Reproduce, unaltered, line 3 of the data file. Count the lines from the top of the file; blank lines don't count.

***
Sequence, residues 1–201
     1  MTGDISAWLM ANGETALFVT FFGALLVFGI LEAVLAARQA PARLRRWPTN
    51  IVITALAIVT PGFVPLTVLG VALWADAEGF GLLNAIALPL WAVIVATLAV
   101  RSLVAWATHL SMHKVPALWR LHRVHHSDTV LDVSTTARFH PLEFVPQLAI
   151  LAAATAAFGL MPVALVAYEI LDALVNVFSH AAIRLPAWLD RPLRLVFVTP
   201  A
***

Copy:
    51  IVITALAIVT PGFVPLTVLG VALWADAEGF GLLNAIALPL WAVIVATLAV